MM: It was a really great period for music in general… Particularly for upcoming Canadian rock bands. It seems that the stars really aligned in Canada and there were so many great bands that we had the pleasure to play with. Artistically, it was all just so unique. It’s so interesting how many different visions were going on back then. We were glad, and genuinely just really lucky to be a part of it all.
DU: We spent a lot of the ’90s living this crazy sort of gypsy life; living in tour buses and hotels all over the world, and it was just a very strange way to live, but at the same time, really neat. It was a period that I think we all look back on as being this incredible experience that most people don’t get to live. It’s something that you just can’t recreate.
Do you find that the songs from the first three albums still resonate with you the same way they used to when you’re playing them live? Or do they hold a different meaning to you now?
DU: It’s funny because we went through a lot of this back in 2013 when we were recording the Glory Under Dangerous Skies record. We thought about how simply all the older material really interwove with all the new stuff. Every one of our records tells a different story and reflects a different period, but there’s always that thread that you can easily pick out a Moist song from a catalogue of any random songs. It seems that for whatever reason, whenever you get this group of people together into a room, something special happens.
Would that be different if you guys weren’t so close anymore?
MM: Yeah, definitely.
So we don’t have a Van Halen-type relationship on our hands?
DU: No, not at all. Wait… we should talk about the other guys while they’re not here. Seriously though, we’re all great friends and we really enjoy doing this. We’re all doing other things too, so if we didn’t like doing this anymore, we just wouldn’t do it. Every time you step on stage now, you look at things differently, because we’re not in the same whirlwind that we used to be. So you really get to appreciate things for what they are. Like we were saying before, when when the audience is singing the words back to you, they know all the songs, and there’s this connection, that holds such a strong feeling, but now I think we really get more time to really appreciate exactly what that is.
MM: It’s very gratifying to feel that energy too. A lot of artists don’t get to enjoy this process, and we are incredibly grateful that we’ve been gifted with it.
DU: A lot of bands don’t like each other either. You know? They don’t actually like the people that they play with, which is sad. But we’re lucky that we get to go out, hang out with our friends, and play music that we still love to play. We’re pretty damn lucky that way.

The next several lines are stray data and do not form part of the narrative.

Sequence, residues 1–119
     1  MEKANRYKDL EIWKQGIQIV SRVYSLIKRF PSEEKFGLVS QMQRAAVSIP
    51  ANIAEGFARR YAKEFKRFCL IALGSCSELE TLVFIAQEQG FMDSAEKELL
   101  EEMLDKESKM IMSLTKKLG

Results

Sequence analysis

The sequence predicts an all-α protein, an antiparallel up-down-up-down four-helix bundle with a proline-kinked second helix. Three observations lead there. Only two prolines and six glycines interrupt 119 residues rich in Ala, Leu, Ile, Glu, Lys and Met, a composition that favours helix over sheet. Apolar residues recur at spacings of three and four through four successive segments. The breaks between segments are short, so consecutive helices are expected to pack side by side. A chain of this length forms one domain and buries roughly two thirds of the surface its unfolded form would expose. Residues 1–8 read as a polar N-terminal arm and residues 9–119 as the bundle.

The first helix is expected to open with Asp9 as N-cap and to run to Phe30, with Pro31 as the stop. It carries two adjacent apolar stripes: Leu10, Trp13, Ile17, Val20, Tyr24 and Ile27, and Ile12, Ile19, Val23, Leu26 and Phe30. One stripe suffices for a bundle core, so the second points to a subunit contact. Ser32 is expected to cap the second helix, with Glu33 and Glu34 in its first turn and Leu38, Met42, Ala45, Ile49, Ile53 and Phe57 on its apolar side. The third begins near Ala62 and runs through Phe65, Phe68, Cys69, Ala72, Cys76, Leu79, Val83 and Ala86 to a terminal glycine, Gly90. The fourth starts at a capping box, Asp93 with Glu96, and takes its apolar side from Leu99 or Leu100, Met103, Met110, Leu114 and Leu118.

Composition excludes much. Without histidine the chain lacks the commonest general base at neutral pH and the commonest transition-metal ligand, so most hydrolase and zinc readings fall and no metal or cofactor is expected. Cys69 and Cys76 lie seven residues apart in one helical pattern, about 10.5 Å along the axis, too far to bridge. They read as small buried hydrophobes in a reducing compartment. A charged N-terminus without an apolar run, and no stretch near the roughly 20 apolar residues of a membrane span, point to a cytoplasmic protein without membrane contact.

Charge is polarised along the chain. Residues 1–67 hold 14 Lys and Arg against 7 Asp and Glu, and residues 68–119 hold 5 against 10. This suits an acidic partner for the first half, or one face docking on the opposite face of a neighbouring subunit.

It must be pretty great having Jeff Pearce back in the band then, right?
MM: Yeah! We certainly missed Jeff when he wasn’t in the band. We loved playing with Louis too though. He’s such an incredible bass player, and a super genuine guy, but there is something really special about having that original Moist chemistry going again. There’s also an unmistakable quality when Jeff and David sing together too. Jeff brings an urgency to choruses and things that I’ve just never heard anywhere else.
DU: It really is great to have him back. I think we all have a better understanding of each other right now too. When we were first starting out, there was such a whirlwind around us, that sometimes it was hard to appreciate exactly what everyone added to the band. Now, I truly think we have a much better understanding of how much each person’s personality contributes to Moist and makes it work overall.
MM: There’s a crazy chemistry to it.
DU: Yeah. A voodoo.
Any thoughts about making a fifth album? If so, will we have to wait 14 years for it?
MM: Oh God, I hope not. We were just in Montreal and Ottawa playing shows, but before we played them, we went up early to actually get into more songwriting. We are all songwriters by nature, so we’re always doing that, but we’re now making a conscious effort to bring together some ideas that hopefully will be the foundation of new music. Let’s say maybe next year.
[This interview has been edited and condensed.]
Physical copies of the new Moist albums can be purchased through MusicVaultz.
As of this writing, Moist has no scheduled tour dates.
Updates and additional information can be found through the band’s official website.
— With files from Chris Jancelewicz